A long-running controversy sparked by the Italian government’s decision to fund a clinical trial of an unapproved stem cell therapy may have reached its final chapter. Last week, a panel of experts appointed by the Italian Ministry of Health concluded that the trial of the so-called Stamina method should not move forward.
A similar panel reached the same conclusion in 2013, citing scientific flaws and safety concerns, but that ruling was set aside after a legal challenge. This time, Italy’s minister of health, Beatrice Lorenzin, says the new panel’s 3 October recommendation is final and has vowed to block any trial.
Meanwhile, 20 people involved in promoting the therapy, including its leading proponent, are facing allegations of criminal conduct. In April, Italian prosecutors released a report alleging that the group was engaged in fraud by selling the therapy to patients. In November, a judge is expected to hold a hearing on whether the case will move forward.
The controversy stretches back to 2006, when the Stamina Foundation, a private organization based in Turin, began promoting the stem cell treatment, which has not been approved by Italian regulators. Foundation President Davide Vannoni claims that the therapy, based on bone marrow stem cells, can promote the growth of new neurons and hence cure a vast range of neurodegenerative diseases. In 2013, the Italian Parliament earmarked €3 million for a trial, amid pressure from patients and some media outlets, and despite investigations by health care officials that resulted in decrees to halt the treatments. The decision to fund the trial drew immediate criticism from stem cell researchers and others, prompting officials to order the initial 2013 expert review.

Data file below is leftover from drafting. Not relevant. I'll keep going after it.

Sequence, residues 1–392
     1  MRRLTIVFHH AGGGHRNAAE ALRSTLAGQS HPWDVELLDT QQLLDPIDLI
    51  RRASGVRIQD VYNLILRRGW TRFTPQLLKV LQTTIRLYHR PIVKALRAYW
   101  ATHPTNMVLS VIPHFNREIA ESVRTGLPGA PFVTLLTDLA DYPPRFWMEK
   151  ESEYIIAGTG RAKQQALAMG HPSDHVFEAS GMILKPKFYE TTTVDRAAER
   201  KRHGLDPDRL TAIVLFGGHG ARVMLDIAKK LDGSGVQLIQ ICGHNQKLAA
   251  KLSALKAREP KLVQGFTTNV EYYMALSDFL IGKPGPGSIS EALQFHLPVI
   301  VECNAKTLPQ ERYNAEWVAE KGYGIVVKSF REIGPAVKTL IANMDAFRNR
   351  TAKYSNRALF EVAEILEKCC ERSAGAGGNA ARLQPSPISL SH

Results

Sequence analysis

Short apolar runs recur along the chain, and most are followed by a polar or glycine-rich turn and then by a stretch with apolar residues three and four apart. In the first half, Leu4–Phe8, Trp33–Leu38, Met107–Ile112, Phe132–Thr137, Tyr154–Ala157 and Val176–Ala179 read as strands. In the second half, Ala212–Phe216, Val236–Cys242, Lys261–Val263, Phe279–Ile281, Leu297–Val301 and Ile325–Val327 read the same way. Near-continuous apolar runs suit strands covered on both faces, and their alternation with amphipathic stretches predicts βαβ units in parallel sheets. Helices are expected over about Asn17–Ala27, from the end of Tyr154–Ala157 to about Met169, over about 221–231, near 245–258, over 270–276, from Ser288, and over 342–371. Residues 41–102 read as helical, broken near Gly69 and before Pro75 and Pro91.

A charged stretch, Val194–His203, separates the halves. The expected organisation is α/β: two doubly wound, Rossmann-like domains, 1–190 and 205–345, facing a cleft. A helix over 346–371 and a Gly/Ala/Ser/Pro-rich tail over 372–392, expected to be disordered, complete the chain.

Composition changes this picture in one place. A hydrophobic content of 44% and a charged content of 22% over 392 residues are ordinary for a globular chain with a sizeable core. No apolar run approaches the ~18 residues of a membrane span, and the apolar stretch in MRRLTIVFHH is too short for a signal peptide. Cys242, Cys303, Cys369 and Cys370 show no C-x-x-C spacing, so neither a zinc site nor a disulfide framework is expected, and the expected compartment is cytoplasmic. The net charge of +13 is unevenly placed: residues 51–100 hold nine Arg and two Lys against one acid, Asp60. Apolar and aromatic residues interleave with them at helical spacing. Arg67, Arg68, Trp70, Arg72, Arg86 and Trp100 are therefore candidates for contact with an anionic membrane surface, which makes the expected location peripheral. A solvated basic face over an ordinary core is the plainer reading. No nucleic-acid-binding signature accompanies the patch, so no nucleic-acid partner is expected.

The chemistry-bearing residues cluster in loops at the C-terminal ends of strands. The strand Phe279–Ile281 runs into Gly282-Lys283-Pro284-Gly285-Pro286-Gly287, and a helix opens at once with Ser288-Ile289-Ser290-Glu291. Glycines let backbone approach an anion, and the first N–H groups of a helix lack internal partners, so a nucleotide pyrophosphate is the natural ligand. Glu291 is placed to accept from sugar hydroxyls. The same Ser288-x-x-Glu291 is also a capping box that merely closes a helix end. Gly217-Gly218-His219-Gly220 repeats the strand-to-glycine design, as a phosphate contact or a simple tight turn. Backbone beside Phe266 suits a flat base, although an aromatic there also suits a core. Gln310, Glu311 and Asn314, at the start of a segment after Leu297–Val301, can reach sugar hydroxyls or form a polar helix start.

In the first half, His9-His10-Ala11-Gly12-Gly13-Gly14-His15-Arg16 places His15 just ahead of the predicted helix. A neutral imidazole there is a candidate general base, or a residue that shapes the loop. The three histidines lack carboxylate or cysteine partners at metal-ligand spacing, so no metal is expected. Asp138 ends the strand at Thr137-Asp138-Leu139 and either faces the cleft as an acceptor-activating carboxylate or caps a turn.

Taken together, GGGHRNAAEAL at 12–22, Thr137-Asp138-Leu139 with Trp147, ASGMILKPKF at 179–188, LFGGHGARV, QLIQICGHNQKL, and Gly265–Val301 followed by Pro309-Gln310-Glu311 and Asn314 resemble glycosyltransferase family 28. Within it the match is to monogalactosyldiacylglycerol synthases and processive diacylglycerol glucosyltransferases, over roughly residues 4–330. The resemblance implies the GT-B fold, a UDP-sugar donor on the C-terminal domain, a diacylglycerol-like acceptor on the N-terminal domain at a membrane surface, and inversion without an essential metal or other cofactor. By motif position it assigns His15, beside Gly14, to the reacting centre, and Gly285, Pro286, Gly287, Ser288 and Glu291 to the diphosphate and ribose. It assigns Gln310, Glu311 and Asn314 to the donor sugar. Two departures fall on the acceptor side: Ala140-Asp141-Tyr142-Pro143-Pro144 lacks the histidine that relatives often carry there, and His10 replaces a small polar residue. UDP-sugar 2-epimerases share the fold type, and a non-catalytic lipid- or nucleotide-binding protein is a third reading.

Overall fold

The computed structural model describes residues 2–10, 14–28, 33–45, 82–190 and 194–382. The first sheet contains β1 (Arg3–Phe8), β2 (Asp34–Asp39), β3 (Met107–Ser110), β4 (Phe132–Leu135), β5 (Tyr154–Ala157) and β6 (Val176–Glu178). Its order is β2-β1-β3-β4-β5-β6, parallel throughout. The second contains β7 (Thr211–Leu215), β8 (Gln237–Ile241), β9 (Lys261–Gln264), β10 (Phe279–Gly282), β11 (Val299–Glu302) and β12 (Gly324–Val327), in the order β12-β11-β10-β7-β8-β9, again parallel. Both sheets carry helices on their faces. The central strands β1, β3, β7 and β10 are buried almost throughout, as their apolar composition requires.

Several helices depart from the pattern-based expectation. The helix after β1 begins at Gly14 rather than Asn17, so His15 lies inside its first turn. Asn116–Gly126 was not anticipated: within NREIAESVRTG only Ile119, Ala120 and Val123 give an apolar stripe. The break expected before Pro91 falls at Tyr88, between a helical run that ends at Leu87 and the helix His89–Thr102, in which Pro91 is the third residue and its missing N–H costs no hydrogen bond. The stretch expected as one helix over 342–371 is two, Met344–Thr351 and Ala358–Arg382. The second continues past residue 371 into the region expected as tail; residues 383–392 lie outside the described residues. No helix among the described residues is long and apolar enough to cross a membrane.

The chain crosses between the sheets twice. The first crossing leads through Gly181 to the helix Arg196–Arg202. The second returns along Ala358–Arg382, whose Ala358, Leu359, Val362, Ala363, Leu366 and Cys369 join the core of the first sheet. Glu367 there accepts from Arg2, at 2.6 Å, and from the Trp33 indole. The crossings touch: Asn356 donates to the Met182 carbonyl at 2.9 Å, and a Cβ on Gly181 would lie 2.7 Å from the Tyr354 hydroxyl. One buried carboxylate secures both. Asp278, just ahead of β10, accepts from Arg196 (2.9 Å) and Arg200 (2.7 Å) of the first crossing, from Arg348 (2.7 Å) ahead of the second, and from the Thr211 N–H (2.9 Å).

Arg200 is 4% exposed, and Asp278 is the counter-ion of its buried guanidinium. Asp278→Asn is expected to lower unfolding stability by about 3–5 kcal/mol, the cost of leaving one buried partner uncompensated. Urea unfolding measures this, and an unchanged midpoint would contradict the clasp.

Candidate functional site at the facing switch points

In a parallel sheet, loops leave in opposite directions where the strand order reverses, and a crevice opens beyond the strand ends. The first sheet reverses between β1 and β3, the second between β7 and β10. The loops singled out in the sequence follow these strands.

Vannoni continues to back the therapy, despite last week’s setback. “The decision has left me amazed,” he tells ScienceInsider. The committee was supposed to only fine-tune the design of the trial, he says, not rule on its feasibility. Vannoni says he will again go to court in an effort to set aside the panel’s conclusions. He won a similar case in 2013, when a judge ruled that some members of the original panel that reviewed the work were not impartial.
No patients are currently receiving the Stamina treatment, in part because prosecutors in Turin recently seized vials containing patient cells and tissues from a hospital involved in the therapy. And Luca Pani, director of Italy’s drug regulator, AIFA, says his agency’s investigations show that the treatments should not resume. Investigators found “a number of serious violations which leave no room for interpretation,” he said in a statement issued after the panel issued its recommendation. “In any Western advanced country, a few pages of that decree would have been sufficient to determine the cessation of any activity.”